print version

The UNICEF IRC research on transitional justice

©UNICEF/NYHQ2004-0654/Kate Brooks - A former child soldier in Afghanistan, while participating in a demobilization program.

The overall objectives of UNICEF IRC work on children and transitional justice is to provide the evidence base to improve accountability for crimes against children and to protect the rights of children involved in transitional justice processes. By assessing and analyzing the work that has been undertaken and identifying strategies for the engagement of children in truth, justice and reconciliation processes, it will be possible to build consensus on the way forward, to improve accountability and to promote reconciliation in the aftermath of war or where grave violations have occurred.

Several transitional justice mechanisms established in recent years have explicitly addressed child-related issues. Truth commissions in Guatemala, Peru, Sierra Leone, South Africa and Timor Leste, as well as mixed tribunals such as the Special Court for Sierra Leone, have dealt with crimes against children and involved children as victims and witnesses. Accountability for grave crimes against children is also an important component of the work of the International Criminal Court (ICC), including the first trial of Thomas Lubanga Dyilo on charges of enlisting and conscripting children under the age of fifteen years. In addition, traditional justice mechanisms have involved children for purposes of accountability and reconciliation. This recent focus on children in transitional justice processes creates opportunities and challenges for legal experts and child rights advocates working together to protect children from the atrocities of war. Linked to the commitment to improve accountability for crimes against children is the urgent need to develop child-friendly procedures to protect the rights of children involved in transitional justice mechanisms. The need is twofold: to assist legal practitioners in facilitating and protecting children's involvement; and to provide guidance for UNICEF and partners in their interactions with and support to those mechanisms.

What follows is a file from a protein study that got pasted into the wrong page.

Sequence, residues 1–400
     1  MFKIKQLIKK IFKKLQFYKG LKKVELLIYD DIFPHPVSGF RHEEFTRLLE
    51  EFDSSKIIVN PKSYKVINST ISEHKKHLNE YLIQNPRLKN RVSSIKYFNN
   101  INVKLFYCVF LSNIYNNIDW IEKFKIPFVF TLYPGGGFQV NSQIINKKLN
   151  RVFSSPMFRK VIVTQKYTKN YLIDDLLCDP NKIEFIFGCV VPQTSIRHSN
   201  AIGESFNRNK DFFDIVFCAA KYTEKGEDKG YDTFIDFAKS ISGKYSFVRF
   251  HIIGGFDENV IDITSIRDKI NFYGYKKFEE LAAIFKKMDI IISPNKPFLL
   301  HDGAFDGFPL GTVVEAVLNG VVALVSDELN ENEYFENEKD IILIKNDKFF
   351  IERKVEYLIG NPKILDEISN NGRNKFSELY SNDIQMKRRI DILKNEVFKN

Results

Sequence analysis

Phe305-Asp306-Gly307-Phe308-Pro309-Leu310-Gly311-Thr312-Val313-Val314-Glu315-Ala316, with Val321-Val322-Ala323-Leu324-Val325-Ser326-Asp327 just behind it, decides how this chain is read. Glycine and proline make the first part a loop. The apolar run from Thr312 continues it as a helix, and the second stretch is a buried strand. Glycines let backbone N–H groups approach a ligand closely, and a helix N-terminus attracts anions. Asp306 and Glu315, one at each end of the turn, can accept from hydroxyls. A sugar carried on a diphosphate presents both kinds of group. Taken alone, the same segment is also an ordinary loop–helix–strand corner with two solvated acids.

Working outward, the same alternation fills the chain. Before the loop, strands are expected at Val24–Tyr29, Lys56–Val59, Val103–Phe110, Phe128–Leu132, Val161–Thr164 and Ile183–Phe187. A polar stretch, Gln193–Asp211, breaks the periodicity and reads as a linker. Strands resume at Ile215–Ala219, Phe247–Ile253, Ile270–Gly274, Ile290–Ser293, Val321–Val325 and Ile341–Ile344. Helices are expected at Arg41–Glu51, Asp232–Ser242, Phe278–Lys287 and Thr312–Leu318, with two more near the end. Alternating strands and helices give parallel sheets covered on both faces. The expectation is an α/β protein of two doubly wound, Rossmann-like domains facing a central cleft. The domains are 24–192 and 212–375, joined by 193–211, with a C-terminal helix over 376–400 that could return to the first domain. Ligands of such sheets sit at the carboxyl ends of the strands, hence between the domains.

In September 2002, the UNICEF Innocenti Research Centre (UNICEF IRC) and No Peace Without Justice (NPWJ) published the study International Criminal Justice and Children, which provides an overview of the international legal protection framework and serves as a practical guide for the involvement of children in justice and truth-seeking mechanisms. It is intended to foster a dialogue between child rights advocates and experts in international criminal law, addressing key issues related to accountability for crimes against children.

Building on the 2002 study, UNICEF IRC is currently pursuing research on transitional justice and children to document and analyse emerging good practices and lessons learned on the protection of the rights of child victims and witnesses. A key objective of the work underway, carried out in collaboration with UNICEF Headquarters and Field Offices, and UN and NGO partners, is to ensure that child victims and witnesses are not exposed to further harm by their involvement in transitional justice mechanisms.

In November 2005, with support from the Canadian Human Securities Program, the UNICEF IRC convened an Expert Discussion on Transitional Justice and Children, bringing together a unique group of experts from the International Criminal Court and other international tribunals, truth commissions, national juvenile justice systems, UNICEF Headquarters, Regional and Country Offices, international NGOs and academic institutions, to review experience on children's involvement in truth, justice and reconciliation process. The meeting adopted important recommendations on safeguarding the rights of child victims and witnesses, as well as addressing the issue of accountability of alleged child perpetrators.

More on IRC research